Feeling the Future: Experimental Evidence for Anomalous Retroactive Influences on Cognition and Affect

This is a prepublication .pdf of a paper by Cornell psychologist Daryl Bem detailing experimental evidence for precognition, accepted for publication by a respected peer-reviewed psychological journal. (link).

3 thoughts on “Feeling the Future: Experimental Evidence for Anomalous Retroactive Influences on Cognition and Affect

  1. On the one hand, this work is sort of mind-blowing — it clearly uses established methods to prove a disconcerting result. To me, it raises some questions about whether even a reproducible effect that is only a percent or two above chance has the amount of meaning that we ascribe to it — there’s all kinds of research being done all the time, and p values that make “chance results” very unlikely still mean that 5 (or 1) percent of all that work could be crap.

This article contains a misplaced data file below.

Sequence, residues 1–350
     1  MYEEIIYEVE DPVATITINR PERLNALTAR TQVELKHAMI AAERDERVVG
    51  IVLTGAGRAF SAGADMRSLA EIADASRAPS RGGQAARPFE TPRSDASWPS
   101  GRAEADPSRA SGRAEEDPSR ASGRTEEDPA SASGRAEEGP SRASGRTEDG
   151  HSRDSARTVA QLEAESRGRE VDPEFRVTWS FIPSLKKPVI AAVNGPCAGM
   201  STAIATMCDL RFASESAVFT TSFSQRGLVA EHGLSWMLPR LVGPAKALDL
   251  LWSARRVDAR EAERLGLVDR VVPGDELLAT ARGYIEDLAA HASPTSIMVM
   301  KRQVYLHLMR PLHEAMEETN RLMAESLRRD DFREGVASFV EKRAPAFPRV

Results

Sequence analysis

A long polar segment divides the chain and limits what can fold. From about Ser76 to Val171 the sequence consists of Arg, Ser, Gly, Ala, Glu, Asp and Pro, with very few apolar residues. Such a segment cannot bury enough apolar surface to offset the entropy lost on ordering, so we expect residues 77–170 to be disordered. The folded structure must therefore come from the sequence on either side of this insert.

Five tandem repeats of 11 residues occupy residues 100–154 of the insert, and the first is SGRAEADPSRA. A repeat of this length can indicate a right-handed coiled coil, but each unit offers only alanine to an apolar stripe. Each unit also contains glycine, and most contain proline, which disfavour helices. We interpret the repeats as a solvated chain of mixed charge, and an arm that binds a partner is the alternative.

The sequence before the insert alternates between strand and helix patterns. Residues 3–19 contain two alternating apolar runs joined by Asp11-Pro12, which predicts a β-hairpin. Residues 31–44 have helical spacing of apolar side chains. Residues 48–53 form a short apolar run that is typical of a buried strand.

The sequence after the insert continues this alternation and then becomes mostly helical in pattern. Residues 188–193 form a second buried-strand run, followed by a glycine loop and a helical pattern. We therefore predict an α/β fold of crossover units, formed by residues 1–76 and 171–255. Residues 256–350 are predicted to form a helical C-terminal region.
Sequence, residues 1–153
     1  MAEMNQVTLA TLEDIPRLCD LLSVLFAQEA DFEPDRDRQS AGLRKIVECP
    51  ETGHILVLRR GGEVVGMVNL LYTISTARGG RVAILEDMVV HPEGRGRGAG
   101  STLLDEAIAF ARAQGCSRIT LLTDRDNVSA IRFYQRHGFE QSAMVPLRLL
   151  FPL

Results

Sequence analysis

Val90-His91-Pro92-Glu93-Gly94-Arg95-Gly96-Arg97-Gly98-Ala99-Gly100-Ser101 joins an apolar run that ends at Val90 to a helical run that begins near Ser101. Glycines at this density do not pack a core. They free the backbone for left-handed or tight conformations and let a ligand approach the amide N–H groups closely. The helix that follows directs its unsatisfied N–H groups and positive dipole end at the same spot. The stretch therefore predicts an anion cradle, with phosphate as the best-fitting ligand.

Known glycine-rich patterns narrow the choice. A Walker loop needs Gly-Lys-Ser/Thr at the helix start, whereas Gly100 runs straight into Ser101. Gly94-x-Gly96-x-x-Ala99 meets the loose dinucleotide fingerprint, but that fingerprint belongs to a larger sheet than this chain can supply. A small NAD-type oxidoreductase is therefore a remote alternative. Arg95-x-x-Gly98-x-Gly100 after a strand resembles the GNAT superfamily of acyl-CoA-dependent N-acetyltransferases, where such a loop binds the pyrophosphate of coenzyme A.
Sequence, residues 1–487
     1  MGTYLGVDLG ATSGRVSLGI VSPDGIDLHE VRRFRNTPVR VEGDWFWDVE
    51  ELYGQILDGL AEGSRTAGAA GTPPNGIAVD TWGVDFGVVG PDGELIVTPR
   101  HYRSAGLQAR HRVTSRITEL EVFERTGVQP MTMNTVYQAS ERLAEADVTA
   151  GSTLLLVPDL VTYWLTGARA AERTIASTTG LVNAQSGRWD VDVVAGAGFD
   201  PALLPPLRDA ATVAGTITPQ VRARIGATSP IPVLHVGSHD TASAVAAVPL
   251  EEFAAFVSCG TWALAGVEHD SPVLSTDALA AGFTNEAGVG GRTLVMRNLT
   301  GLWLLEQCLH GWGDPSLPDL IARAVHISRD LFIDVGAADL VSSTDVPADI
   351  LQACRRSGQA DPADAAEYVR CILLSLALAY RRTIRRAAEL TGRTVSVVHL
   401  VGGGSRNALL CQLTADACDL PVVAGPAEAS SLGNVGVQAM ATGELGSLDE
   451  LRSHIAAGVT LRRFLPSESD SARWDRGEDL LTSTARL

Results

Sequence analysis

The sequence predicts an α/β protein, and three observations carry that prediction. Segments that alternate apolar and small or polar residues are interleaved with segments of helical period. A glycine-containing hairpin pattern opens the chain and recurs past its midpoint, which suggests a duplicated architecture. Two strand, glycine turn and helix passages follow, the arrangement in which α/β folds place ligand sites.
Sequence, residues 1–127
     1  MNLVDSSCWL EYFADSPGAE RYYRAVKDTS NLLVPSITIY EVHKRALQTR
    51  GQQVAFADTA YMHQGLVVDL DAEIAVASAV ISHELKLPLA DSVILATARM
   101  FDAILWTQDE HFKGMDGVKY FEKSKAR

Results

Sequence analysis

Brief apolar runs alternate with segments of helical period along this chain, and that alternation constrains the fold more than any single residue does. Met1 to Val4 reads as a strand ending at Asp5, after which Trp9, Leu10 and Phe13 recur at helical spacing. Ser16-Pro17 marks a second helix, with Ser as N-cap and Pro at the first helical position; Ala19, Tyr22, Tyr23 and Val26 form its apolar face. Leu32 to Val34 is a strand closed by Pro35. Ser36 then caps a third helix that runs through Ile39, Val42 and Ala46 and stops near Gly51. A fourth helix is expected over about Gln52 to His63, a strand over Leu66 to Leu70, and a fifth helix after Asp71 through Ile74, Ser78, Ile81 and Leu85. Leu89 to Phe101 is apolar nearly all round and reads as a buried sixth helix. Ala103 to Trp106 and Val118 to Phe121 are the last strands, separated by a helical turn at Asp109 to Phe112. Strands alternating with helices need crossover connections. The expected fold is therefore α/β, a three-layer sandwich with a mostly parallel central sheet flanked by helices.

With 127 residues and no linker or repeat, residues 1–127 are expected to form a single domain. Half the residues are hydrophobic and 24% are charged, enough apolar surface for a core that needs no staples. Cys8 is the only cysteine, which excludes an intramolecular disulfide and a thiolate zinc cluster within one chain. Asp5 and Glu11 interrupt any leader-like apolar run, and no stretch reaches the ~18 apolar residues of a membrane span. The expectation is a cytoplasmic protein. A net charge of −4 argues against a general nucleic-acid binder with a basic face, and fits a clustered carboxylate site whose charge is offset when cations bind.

I recommend this fascinating (and also disconcerting) article that appeared in a recent New Yorker:
    http://www.newyorker.com/reporting/2010/12/13/101213fa_fact_lehrer
    It discusses the fact that many results turn out not to hold up after the initial flurry of confirmations (i.e., a decade later, the drugs have little effect, etc.) and visits various possible explanations from confirmation bias to a larger “reversion to the mean” sort of statistical result. Makes one have more skepticism for any science that’s based on statistical claims. whew!!

    Like

  2. There was something about how subjects could correctly guess whether a photo was behind a screen on the right or the left, but it only held true for erotic photos.

    Like

Comments are closed.